Much of the book is a glimpse into Alan Rusbridger’s “practice diary”, his day-to-day responses to learning the piece. For the serious amateur pianist and teacher, Rusbridger’s analysis, virtually bar-by-bar, is very informative, but you would want to have a copy of the score beside you as you read. There is also plenty of useful material on how to practice “properly” – something Rusbridger has to learn almost from scratch – and how to make the most of limited practice time. Alongside this, we also meet piano restorers and technicians (Jeffrey Shackell, Terry Lewis) to peer into the rarefied world of high class grand pianos (Steinway, Fazioli), as well as neurologists (with whom Rusbridger discusses the phenomenon of memory), piano teachers, pianists all over the world who have played or are studying the piece (with whom Rusbridger connects thanks to the wonders of social media), other journalists, celebrities, politicians, dissenters, and Rusbridger’s friends and family. Rusbridger interweaves his journey into the heart of the Ballade with his daily travails at The Guardian, offering fascinating insights into his working life, at a time when the very future of British journalism was being called into question as a consequence of the News of the World phone hacking scandal.

Another aspect which comes across very clearly throughout is the pleasure of music making and its therapeutic benefits, for performer and listener, and the book is very much a hymn to this. Like the Ballade itself, the book hurtles towards its finale: will Alan learn the piece, memorise, and finesse it in time for the concert?

The final section of the book contains extracts from the score and insightful commentaries from top class international pianists, essential reading for anyone who wishes to study the work seriously.

This is an inspiring read for the competent amateur who aspires to play some of the “greats” of piano literature. The book is a celebration of the dogged persistence of the determined ‘amateur’ (in the French sense of the word – “a lover of….”), which will give hope and support to pianists seeking a challenge from new or more complex repertoire. The fact that Rusbridger pulled it off will doubtless inspire others to follow his example: I certainly hope so.

I am very much looking forward to reading Alan Rusbridger’s forthcoming book Play It Again: Why Amateurs Should Attempt the Impossible in which he describes the monumental task he set himself to learn Chopin’s First Ballade in just one year. The Ballades are considered some of the most challenging pieces Chopin wrote and are amongst the most popular with concert artists and audiences around the world. While he was studying the piece, Rusbridger was also kept exceedingly busy by his day job, as editor of The Guardian newspaper at a time when a number of major stories broke, including Wikileaks and the phone hacking scandal, so the book is also an account of how Rusbridger balanced his day job with his love of the piano.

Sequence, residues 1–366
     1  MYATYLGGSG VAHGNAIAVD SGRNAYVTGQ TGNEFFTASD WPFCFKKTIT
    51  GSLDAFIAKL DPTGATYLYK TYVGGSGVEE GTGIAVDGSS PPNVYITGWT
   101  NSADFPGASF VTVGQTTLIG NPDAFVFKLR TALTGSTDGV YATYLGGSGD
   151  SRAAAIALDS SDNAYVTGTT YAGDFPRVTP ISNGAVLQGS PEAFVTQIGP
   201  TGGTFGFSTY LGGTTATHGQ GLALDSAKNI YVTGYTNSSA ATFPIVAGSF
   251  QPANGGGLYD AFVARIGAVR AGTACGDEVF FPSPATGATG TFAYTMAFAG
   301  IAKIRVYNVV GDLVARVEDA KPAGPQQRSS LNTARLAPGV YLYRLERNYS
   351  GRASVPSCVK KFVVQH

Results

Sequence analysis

Alan Rusbridger at the piano (photo: Graeme Robertson)

Rusbridger is a keen and very competent amateur pianist. A hundred years ago the word “amateur” was a compliment: indeed its Old French origin is “lover of” (from the Latin amator). But the meaning of the word has changed and has come to mean “hobbyist” or a certain cack-handed incompetence.

I have met plenty of “amateur” pianists – at courses, masterclasses and other piano events – and many of them are very fine pianists, who play to a near-professional standard and with the same commitment and devotion as the seasoned pro. Some studied at music college or conservatoire but decided not to pursue a career as a professional musician, some learnt as children and continue to learn, as adults. Others have come later to the instrument, or returned to it after a long pause (as I did). But all of the amateurs I have met (and I include myself in this description) love the piano and its literature. Some of us perform, many of us are studying for exams or diplomas, others are happy to play purely for pleasure. We don’t really like the tag “Sunday pianist”, because many of us practice every day, often for several hours. We are incredibly committed and we love every minute of the time we spend at the piano. I very much hope that Alan Rusbridger’s new book will redefine the word “amateur”, casting it in a positive light and proving that it needn’t be synonymous with ineptitude or lack of skill.

More about amateur pianists here

I will be reviewing Alan Rusbridger’s Play It Again after the book is published on 17th January.

Alan Rusbridger goes to piano boot camp

There was an expectant hubbub of chatter, and some rather nervous laughter, when we arrived at Steinway Hall on Saturday for the first EPTA Piano Day, hosted by Scottish pianist and UK EPTA Chairman, Murray McLachlan. I met my friend Lorraine ahead of the event for strong coffee, and, in Lorraine’s case, a big breakfast, at a nearby Carluccio’s. Thus fortified, we walked the short distance from St Christopher’s Place to the hallowed ground that is Steinway & Sons London showroom on Marylebone Lane.